January 21, 2021
The audio for a Youtube presentation posted at
Kootenai Brown Pioneer Village Education Coordinator Youtube channel:
About the film:
A Sony video tape V-30H (1/2”) of this short dramatic documentary was recently found (2020) in the Archival collection of Waterton Lakes National Park’s, by Edwin Knox, Parks Canada, Cultural Resource Management for Waterton, and converted to digital.
Visually, the video suffers in quality due to the age of the film, but the audio is good, due to the excellent vocal and dramatic performance.
The plot is simple: John George “Kootenai Brown” is on horse patrol in Waterton in 1914, battling old age and reminiscing about his life: he discusses the British Army in India, Cariboo goldfields of British Columbia; Conflict with the Blackfoot at Seven Persons Creek; a Metis buffalo hunt; guiding in the Rockies; Olive's burial; the creation of Kootenay Forest Reserve; Oil City and conflict with nature; and his appointment as Forest Ranger of the designated national park.
The film was produced for the now-defunct ACCESS-TV, an educational production initiative of the Alberta government in 1975. The film/tape case was dated Jan 16, 1976. The “Pincher Creek Museum” as Kootenai Brown Pioneer Village is now known, is named in the Credit Roll as assisting with the production.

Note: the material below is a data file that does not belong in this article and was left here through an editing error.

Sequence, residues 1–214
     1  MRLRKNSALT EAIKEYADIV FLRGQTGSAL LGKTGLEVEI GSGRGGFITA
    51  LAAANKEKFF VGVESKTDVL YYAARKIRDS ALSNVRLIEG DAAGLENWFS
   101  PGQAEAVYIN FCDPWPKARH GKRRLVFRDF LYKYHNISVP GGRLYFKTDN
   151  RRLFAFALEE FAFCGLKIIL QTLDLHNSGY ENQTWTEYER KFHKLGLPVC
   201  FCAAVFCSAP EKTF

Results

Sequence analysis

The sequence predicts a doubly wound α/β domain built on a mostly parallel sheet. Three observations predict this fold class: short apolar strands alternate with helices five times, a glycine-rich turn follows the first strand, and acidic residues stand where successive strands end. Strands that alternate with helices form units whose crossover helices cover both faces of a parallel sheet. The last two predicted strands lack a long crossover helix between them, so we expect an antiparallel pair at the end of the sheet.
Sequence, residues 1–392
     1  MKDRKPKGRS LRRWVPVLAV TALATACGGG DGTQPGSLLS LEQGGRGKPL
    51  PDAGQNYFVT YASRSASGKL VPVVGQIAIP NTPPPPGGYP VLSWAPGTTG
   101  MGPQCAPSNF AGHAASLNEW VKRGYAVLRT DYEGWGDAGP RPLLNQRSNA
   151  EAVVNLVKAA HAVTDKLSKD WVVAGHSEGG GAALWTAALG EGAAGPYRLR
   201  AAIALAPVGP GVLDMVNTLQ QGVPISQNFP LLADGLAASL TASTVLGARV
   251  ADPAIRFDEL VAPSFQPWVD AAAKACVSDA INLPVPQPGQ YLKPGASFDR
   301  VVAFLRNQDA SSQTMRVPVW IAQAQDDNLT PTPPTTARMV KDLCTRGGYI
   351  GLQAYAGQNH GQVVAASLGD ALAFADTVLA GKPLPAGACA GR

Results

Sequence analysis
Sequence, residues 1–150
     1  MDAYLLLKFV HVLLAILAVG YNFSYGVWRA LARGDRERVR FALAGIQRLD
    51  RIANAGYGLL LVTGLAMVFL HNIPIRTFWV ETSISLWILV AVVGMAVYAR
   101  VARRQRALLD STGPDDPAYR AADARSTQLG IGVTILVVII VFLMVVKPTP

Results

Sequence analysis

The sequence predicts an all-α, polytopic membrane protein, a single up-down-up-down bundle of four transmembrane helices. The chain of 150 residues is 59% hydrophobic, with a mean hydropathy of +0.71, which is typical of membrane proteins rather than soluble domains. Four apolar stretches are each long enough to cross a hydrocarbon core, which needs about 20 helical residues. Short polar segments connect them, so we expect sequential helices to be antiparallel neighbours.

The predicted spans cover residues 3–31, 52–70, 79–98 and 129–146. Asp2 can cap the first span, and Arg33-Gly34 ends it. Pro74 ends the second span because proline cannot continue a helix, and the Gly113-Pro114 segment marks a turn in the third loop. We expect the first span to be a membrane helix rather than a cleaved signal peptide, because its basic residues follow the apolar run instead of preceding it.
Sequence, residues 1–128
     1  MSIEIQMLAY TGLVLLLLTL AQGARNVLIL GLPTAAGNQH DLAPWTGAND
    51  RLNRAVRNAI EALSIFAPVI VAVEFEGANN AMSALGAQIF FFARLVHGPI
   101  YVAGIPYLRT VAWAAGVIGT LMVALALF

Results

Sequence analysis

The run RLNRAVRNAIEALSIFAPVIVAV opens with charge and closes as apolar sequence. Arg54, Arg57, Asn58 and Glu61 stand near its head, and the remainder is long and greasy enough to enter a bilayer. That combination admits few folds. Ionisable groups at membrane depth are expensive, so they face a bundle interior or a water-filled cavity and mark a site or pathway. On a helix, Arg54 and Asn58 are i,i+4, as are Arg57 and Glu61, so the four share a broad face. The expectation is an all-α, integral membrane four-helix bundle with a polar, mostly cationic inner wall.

Kootenai Brown is portrayed by Peter James Haworth (1927-2014), from a script written by Ted Ferguson.
From Peter Haworth's obituary: "Peter passed away peacefully at Cedarview Lodge in North Vancouver on February 10, 2014 at the age of 86. Youngest child of the late Reginald and Florence Haworth and brother to the late Cyril Haworth. Lovingly remembered by his soul mate and dear wife Betty Muriel (nee Phillips). Although Peter began his career as an English teacher, he became an outstanding actor, writer and documentarian. As a writer for CBC radio, his writings included the adaptation of plays by writers such as Chekhov, Ibsen, Brecht, and Shakespeare, documentary series on notable figures such as Captain Cook, Sir Ernest Macmillan, and William Morris and portraits of the great twentieth century actors and directors.
As an actor, he performed on national radio, television and the stages of major Canadian theatres in plays by Shakespeare, Shaw, Wilde and many others. His final performance as an actor was at the Vancouver Playhouse in "An Ideal Husband" by Oscar Wilde. Peter was a member of UBCP, ACTRA and was a lifetime member of the Writers' Guild. He was, also, presented with the Sam Payne Lifetime Achievement Award by the Union of BC Performers and is in the Walk of Fame at the Orpheum Theatre, Vancouver B.C.